Graydon Carter: A Double Life

If he hadn’t been raised in middle-class Ottawa, Graydon Carter’s rise to the apex of New York high society wouldn’t be out of place in the pages of a Horatio Alger novel. As writer and editor for such esteemed publications as Time, Life, and the both revered and irreverent Spy Magazine, his acerbic wit and stunning insight into the social politics of New York have served Carter well throughout his impressive career. His current tenure as editor-in-chief of Vanity Fair has brought the magazine numerous awards.

Carter is also a producer of successful documentaries such as The Kid Stays in the Picture, as well as an author and editor of best-selling books. His next venture is Bella’s Umbrella, a children’s book that he has both written and illustrated for the iPad. Carter has since gone from celebrity sniper to celebrity styler, curating the pages of Vanity Fair by day and entertaining its subjects by night at two of the hottest restaurants in Manhattan, The Waverly Inn and Monkey Bar.

You grew up in Canada, what drove you to come to New York?
Movies, books, and magazines drew a portrait of New York for me. I had no interest in moving to Los Angeles, minor interest in moving to London, and a lot of interest in moving to Paris, but New York seemed the most possible route, not to getting out of Canada… well, yes, to getting out of Canada.

After decades in the magazine business, how did you suddenly find yourself in restaurants?
Well, like so many good things in life it was happenstance. In 2004 I was having dinner at Elaine’s with my friend [producer] Roberto Benabib – he has a house around the corner from me in the West Village. We knew that The Waverly Inn had come up for sale and since neither of us had a clue about running a restaurant we decided to buy it.

And you didn’t have a lot of restaurant experience?
I had a lot of experience on the customer aspect of the business; I’ve a very extensive education in that respect. Our restaurants are very much designed for the experience of the person coming in and having a meal.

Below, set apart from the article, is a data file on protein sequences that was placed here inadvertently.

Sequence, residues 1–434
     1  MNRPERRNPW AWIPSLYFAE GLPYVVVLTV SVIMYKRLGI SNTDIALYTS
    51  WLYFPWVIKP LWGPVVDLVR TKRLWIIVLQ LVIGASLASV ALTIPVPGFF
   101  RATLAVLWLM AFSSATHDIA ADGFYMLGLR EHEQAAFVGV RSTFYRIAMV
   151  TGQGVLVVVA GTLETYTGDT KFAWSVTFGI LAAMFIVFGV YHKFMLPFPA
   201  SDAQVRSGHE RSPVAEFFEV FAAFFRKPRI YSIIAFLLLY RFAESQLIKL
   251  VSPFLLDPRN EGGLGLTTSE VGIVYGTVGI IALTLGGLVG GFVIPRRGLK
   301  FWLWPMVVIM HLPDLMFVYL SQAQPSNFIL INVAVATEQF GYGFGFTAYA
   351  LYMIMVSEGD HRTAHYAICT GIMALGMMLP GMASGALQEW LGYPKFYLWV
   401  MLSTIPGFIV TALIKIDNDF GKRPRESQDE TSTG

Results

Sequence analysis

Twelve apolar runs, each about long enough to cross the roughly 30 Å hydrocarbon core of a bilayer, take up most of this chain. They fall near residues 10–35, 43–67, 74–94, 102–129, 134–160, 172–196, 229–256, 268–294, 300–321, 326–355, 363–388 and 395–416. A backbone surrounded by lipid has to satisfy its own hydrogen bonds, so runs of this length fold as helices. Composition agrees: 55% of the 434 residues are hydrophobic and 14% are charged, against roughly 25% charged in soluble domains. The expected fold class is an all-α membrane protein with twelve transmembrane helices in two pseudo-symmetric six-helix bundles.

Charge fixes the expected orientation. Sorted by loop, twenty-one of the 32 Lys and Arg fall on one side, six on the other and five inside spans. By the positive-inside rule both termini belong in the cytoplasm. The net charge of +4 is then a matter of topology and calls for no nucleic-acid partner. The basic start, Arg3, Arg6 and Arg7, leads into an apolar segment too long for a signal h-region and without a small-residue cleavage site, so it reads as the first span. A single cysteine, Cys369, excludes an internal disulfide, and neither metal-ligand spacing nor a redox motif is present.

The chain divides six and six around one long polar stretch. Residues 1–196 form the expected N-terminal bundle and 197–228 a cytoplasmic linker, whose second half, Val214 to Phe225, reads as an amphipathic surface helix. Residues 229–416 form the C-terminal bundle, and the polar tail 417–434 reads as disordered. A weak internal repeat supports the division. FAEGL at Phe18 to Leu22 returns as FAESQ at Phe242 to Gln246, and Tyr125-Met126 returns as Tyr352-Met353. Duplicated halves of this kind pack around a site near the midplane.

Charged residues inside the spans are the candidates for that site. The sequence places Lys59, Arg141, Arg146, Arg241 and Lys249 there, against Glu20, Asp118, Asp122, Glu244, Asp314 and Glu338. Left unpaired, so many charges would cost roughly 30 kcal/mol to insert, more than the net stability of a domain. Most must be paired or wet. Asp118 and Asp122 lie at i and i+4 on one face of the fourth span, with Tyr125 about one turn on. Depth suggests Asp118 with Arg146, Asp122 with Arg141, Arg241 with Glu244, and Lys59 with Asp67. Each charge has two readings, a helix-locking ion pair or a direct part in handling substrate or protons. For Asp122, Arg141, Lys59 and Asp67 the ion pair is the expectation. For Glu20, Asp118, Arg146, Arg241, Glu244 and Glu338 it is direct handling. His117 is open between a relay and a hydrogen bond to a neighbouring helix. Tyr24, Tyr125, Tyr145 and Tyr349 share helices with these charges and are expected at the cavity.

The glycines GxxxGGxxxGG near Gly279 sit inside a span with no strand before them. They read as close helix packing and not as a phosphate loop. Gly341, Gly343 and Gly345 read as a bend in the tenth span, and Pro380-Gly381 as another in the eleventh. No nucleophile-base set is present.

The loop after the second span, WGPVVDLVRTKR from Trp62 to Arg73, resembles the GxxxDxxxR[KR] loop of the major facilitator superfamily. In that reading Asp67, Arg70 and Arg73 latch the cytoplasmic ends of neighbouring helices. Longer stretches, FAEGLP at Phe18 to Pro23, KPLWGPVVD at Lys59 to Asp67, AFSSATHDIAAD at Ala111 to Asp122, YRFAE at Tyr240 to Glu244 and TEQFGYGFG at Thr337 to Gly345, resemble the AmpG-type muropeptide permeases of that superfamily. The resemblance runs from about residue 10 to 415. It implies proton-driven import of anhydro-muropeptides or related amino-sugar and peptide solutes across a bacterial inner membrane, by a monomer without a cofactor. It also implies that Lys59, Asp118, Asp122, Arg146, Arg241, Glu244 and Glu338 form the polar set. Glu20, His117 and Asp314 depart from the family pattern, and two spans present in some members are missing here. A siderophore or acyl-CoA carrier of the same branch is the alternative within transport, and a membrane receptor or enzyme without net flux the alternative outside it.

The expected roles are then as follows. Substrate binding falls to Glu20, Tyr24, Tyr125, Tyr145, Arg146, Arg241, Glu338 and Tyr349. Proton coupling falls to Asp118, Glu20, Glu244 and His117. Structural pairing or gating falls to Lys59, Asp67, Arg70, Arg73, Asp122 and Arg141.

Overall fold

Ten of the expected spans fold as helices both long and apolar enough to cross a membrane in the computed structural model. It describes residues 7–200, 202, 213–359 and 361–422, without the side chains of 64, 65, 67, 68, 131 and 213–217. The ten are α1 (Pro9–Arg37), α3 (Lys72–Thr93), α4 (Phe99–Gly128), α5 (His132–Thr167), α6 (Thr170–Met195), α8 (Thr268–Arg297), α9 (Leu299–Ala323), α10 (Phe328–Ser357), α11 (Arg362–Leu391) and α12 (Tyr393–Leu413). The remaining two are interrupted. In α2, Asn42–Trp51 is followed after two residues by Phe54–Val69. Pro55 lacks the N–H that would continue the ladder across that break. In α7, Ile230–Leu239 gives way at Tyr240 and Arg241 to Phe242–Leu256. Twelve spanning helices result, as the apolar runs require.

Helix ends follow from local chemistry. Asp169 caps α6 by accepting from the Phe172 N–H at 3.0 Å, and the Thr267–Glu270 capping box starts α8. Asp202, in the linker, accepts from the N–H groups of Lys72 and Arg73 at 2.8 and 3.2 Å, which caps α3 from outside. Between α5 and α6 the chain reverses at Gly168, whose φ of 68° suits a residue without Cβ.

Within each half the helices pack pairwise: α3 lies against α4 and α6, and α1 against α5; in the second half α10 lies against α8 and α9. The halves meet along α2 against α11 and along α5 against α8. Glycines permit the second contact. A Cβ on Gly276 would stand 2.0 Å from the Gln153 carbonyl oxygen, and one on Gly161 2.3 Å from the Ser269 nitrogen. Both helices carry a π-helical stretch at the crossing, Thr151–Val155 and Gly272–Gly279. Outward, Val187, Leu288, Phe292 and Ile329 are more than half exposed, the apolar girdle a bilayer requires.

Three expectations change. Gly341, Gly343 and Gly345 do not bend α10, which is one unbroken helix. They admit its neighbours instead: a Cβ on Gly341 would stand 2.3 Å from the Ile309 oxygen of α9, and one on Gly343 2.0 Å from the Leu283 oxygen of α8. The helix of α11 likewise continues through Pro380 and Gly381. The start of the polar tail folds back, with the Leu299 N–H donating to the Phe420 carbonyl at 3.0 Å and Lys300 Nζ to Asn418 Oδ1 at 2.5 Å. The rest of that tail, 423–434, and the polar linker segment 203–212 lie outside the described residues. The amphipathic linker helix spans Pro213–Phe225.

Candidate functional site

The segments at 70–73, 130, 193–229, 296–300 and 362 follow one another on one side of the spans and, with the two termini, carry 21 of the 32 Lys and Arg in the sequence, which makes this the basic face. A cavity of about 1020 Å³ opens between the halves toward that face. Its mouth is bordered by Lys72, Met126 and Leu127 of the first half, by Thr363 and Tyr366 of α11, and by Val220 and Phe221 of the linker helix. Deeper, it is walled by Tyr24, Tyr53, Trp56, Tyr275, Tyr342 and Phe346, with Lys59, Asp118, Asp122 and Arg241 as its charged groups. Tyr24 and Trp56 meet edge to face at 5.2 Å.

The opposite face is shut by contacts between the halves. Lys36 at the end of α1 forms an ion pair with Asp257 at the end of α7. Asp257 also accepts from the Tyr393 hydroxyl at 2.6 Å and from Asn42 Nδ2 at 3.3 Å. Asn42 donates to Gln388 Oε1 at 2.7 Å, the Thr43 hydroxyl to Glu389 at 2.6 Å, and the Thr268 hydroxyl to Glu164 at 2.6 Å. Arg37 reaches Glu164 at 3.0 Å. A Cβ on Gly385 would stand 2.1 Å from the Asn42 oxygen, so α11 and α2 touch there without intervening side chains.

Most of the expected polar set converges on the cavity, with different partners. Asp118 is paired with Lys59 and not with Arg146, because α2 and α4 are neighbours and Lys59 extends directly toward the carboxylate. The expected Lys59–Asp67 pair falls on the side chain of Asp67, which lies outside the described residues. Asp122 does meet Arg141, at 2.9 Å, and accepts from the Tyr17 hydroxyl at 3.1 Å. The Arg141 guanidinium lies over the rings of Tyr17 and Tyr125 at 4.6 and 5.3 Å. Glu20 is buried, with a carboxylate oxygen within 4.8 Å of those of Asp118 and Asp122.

Back to magazines, how have you adapted to the rise of the Internet in regard to publishing and how do you see Vanity Fair’s continued role as a standard bearer of culture and literature?
Well there’s two aspects to the Internet, one is that it’s a subject worthy of coverage, and over the last ten years we’ve done a lot on the principal figures of the Internet to the avatars of this new medium. At the same time it’s a challenge for how you distribute your magazine. What we do at Vanity Fair is to try and tell a story, and our pieces are long and involve a lot of reporting and photography, and for the time being that’s not available for free on the Internet. So our position is reasonably secure for the time being; our circulation is actually up over the last ten years.

Well seems to be a popular destination and certainly looks like it’s growing and succeeding in that space.
I find the Internet side of the business as much fun – and more immediate fun – than the monthly because you can react very quickly. I said to make it like a version of Spy Magazine and to an extent it is.

I’m sure the restaurant business has its twists and turns as well.
The food business has changed over the last five years in that when we opened the Waverly, the idea was that you aimed for one-star food and provided a fun bar and fun atmosphere. Over the last two or three years the bar for the food has risen so that you have to aim to be doing two and three-star food. Ken Friedman, our new partner in the Monkey Bar, is vital to that because he’s such a food person. He has [this] way; he finds a great manager and zeros in on that person, and finds a great chef and zeros in on that person. He managed to get all the people he wanted for the restaurant.

What beverage do you enjoy making for people?
I make a decent margarita, I make a very decent martini, and I can pour a decent bottle of wine.

What’s in store for the first time Monkey Bar visitor?
It’s a great looking room; it’s very evocative of an earlier New York. The restaurant has been around since the thirties; it’s been home to Tallulah Bankhead and Truman Capote, [and] Tennessee Williams. The hotel in which the restaurant is located used to be called “the easy lay;” it’s actually called the Elysée, because you could have dinner and then take a room upstairs. I think it’s cleaned up its act, but it’s still a very raffish
looking room.

For more details on the Monkey Bar, click here.

– Adam Pollock


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